The results of tonight’s regional polls represent a challenging start to this election year for Chancellor Angela Merkel’s Christian Democrats (CDU). Noise and nervousness could increase over the coming days and weeks, as the Christian alliance (CDU/CSU) will try to draw conclusions, not least for the nomination of the chancellor candidate for September’s Bundestag elections. At the same time, it would probably be a stretch for the CDU to put all the blame at its new leader’s door. For now, Armin Laschet’s candidature for the Merkel succession remains the base case scenario.
In the Baden-Wuerttemberg elections, the Greens defended their position as strongest party. As their junior partner in government, the CDU recorded its historically worst result in its former stronghold. Except for the center-right Liberals (FDP), all other parties also lost support, including the Social Democrats (SPD), which ended up at around 10%. Germany’s only Green minister-president can now decide whether to keep governing with the CDU or to switch to an entirely new combination, a Greens-led government with SPD and FDP as junior partners.
In Rhineland-Palatinate, the SPD remains the strongest force and seems on track for the desired continuation of the “traffic lights” coalition with the Greens and the FDP. The CDU lost some five percentage points, falling to its worst result ever in the state, at around 26%. At almost 35%, the local SPD result seems like a distant dream to the party in Berlin; in nation-wide politics, the SPD is polling some 20 percentage points lower. However, leading social democrats took heart in the news that in two regional states, governments could now be formed without the CDU.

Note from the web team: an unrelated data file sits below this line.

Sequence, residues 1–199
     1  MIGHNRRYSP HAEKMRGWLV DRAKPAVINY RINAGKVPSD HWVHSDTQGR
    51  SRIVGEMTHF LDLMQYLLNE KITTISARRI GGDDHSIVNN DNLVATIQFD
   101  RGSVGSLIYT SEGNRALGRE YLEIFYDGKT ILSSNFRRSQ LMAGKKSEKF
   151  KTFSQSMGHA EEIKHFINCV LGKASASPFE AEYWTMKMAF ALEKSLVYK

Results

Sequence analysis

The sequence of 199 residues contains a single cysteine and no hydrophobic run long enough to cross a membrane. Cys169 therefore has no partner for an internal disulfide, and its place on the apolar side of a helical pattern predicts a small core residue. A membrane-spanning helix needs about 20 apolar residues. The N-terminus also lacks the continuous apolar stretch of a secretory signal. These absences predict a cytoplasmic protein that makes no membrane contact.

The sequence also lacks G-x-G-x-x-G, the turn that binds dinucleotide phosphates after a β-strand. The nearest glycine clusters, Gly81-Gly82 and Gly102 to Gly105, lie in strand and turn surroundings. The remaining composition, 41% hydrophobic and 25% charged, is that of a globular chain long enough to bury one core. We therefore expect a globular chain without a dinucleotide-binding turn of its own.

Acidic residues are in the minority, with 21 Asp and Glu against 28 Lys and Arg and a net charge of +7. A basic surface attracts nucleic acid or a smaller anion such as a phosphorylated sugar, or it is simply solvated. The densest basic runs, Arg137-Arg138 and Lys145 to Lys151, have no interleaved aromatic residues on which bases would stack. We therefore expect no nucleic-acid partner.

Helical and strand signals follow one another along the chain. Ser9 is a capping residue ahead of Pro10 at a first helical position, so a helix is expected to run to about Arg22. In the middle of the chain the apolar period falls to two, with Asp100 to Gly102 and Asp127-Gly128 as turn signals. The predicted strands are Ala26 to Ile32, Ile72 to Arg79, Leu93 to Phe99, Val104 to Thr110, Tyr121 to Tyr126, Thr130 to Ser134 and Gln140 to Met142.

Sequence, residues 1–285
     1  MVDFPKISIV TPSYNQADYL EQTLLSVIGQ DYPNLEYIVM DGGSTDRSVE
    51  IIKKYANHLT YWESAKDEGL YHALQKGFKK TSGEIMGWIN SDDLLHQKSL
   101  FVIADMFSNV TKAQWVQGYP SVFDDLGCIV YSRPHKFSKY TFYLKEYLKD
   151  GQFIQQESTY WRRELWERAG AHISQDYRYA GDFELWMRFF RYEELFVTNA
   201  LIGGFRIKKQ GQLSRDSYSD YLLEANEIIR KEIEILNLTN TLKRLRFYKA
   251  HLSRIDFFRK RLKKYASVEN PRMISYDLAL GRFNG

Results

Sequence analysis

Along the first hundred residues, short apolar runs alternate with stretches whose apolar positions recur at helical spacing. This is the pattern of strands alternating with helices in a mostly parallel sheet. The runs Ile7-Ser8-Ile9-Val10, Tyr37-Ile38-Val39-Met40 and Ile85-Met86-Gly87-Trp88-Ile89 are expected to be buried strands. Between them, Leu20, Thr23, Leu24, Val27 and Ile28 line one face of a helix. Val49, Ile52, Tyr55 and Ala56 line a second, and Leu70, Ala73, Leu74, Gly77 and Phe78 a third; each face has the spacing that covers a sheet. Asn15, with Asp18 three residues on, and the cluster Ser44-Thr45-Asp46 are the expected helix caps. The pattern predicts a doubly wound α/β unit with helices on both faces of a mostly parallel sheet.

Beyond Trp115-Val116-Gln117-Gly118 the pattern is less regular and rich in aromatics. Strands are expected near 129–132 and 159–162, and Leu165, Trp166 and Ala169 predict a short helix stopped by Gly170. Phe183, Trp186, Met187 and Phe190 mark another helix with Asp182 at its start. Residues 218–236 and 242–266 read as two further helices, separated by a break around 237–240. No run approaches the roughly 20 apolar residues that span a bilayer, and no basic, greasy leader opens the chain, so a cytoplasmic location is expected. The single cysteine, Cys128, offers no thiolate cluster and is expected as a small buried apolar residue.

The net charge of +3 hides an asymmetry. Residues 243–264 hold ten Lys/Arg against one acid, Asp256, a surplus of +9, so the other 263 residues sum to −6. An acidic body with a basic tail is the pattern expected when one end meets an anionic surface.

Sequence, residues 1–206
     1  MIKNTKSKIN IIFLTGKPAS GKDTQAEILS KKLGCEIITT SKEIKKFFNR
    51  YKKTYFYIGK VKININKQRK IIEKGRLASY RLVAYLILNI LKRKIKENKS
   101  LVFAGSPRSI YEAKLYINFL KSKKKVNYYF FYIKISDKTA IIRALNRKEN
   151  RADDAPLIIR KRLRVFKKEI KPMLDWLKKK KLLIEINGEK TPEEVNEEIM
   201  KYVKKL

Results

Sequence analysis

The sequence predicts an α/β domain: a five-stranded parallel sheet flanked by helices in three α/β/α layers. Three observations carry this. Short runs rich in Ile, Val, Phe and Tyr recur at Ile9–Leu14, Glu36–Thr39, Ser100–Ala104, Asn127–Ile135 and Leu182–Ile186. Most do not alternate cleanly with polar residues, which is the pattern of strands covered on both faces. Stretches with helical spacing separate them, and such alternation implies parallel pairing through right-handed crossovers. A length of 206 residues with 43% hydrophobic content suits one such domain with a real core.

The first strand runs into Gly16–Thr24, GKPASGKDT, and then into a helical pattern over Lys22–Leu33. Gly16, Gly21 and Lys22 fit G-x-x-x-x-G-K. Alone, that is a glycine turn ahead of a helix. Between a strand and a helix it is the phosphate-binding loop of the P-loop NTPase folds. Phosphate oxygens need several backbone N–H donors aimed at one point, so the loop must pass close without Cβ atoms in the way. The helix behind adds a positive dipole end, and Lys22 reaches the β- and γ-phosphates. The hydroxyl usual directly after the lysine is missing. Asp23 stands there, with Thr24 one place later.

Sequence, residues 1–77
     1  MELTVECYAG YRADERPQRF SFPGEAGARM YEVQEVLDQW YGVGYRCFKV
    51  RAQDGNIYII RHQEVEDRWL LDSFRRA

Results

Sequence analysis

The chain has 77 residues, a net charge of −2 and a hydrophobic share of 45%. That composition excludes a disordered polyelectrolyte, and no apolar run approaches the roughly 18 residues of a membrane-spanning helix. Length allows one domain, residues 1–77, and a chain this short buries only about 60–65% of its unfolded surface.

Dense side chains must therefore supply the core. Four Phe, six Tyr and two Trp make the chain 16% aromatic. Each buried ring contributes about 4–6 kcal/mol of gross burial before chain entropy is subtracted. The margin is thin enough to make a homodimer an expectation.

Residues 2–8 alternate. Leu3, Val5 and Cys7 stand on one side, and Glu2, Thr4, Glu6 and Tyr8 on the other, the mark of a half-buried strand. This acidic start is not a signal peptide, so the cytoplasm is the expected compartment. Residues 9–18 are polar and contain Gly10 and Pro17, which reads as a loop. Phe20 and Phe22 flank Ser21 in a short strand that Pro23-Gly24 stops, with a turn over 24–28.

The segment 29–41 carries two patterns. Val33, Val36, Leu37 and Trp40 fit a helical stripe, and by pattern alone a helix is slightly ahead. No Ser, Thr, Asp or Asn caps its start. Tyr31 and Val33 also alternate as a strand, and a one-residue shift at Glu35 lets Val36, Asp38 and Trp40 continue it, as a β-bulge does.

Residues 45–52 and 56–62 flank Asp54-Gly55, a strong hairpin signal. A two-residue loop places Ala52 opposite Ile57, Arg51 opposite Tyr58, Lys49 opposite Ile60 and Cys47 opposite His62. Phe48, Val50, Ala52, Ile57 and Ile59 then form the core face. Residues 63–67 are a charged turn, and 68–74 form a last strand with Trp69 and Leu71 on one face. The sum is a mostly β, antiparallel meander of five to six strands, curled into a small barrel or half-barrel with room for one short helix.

For new CDU leader Armin Laschet, these results are far from an ideal start to CDU/CSU’s conversations about the Merkel succession. Laschet is neither a member of Merkel’s government in Berlin nor in any way implicated by the mask procurement scandals that have surrounded individual CDU/CSU Bundestag MPs over recent days. Instead, the vaccine disaster has been the main turning point for public opinion over recent weeks. Voters’ patience is running low, and as the leading force in the federal government, the CDU is feeling the pain.
Still, tonight’s results serve as a reminder to CDU/CSU that defending the chancellery will not be a smooth ride. That realization could strengthen the hand of Bavarian minister-president and CSU leader Markus Soeder vis-à-vis Laschet. After all, Soeder remains the most popular contender in the CDU/CSU camp – even if, as leader of the much larger CDU, Laschet has the pole position. In surveys in both regional states going to the polls today, around two thirds of voters expressed the view that Laschet’s election as CDU leader had not changed the party’s fortunes – an assessment that could be worse, but which represents no endorsement as a promising vote winner either.
Amid the ongoing vaccine fiasco, however, the September elections might pose a bigger-than-expected challenge for any CDU/CSU candidate. And beyond the Bundestag polls, several coalition options will be on the table, as was demonstrated again by tonight’s results. To sound out the perspectives for potential partnerships, it will be crucial to look inside the parties over the coming months. German politics clearly remain in flux.